THE BLOG

Which? Calls on the Government to Get Smart on Smart Meters

07/10/2014 11:02 BST | Updated 06/12/2014 10:59 GMT

By 2020, the Government wants every household in the UK to have smart meters for gas and electricity. At a time when bills are spiralling up, smart meters and the in-home displays that come with them should help people think about how much energy they are using and whether they can cut down.

With energy prices consistently the top financial worry for consumers, moves to help people save energy are welcome - but not at any cost. Starting at the end of 2015, and coming in at an expected £10.9 billion, consumers will pick up the tab for smart meters yet the costs are not capped.

Without immediate action we fear the final bill is in danger of spiralling out of control. That is why Which? has today written to Energy Secretary, Ed Davey, calling on the Government to reduce the cost of the smart meter roll-out and ensure it provides the maximum value for money to consumers.

As part of our Fix the Big Six campaign, we have identified three measures to reduce costs.

First, we want consideration of centralised procurement of the new meters. One of the biggest smart meter programme costs is the meters themselves, yet currently each supplier has its own purchasing plan, with no central assistance. We believe the Government should urgently assess the benefits of a more co-ordinated approach to drive down costs.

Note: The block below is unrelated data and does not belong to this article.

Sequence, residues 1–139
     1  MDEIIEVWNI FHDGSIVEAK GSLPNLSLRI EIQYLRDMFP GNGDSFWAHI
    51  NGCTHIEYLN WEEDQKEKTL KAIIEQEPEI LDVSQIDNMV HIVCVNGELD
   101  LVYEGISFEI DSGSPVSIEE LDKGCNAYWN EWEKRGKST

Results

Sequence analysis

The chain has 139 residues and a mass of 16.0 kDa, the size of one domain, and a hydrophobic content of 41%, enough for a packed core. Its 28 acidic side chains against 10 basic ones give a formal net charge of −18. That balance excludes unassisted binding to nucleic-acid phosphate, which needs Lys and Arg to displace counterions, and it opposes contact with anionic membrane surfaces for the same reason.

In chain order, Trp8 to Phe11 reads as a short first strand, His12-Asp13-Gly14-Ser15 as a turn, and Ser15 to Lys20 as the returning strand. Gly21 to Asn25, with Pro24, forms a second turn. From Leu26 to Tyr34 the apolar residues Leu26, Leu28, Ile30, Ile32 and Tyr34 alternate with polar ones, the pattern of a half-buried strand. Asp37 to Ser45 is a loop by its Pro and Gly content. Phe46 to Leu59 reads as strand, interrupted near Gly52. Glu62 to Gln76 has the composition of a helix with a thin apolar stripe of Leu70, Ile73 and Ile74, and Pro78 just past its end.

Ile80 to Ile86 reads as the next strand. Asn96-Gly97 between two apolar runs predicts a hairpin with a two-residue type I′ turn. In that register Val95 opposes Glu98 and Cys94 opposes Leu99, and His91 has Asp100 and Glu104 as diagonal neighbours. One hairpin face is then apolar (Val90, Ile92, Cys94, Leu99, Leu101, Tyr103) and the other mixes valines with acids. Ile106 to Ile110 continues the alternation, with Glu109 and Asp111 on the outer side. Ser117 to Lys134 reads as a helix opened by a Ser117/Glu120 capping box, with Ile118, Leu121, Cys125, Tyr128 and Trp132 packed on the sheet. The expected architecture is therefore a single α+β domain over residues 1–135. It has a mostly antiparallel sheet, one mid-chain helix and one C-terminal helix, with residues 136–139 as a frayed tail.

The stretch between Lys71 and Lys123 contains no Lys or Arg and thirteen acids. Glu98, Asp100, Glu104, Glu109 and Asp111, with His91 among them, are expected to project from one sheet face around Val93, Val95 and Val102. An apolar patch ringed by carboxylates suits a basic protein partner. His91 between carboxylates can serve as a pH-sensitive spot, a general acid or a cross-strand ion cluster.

Secondly, we want to see a co-ordinated and more efficient approach to the purchase and installation of the infrastructure to support smart meters in multi-occupancy buildings such as flats or high-rise buildings. Without central co-ordination, there could be installation visits from multiple suppliers or incompatible equipment installed meaning an unnecessary duplication of equipment and effort.

Finally, suppliers are being required to take 'all reasonable steps' to install smart meters in all homes by 2020, but there is no guidance as to what that means in practice. This is causing uncertainty among some suppliers which could lead to inconsistent approaches. We are calling on the Government to conduct a cost-benefit analysis of installing in difficult properties and work with Ofgem to define guidance for suppliers so they are not required to install in some homes at disproportionate cost.

The Government says that competition between suppliers will keep down the cost of smart meters, but with the energy market undergoing a full scale investigation by the Competition and Markets Authority, we're not convinced. It seems wildly unrealistic to expect competition alone to keep costs under control, and consumers can little afford the risk to be taken for them.

We believe it is possible to keep energy costs under control for consumers but this will take major reforms and a restoration of trust in the broken energy market. Installing smart meters in every home by 2020 is an ambitious target. But at a time when energy bills continue to squeeze household budgets, the Government must urgently get to grips with its smart meter programme to ensure UK consumers get value for their money.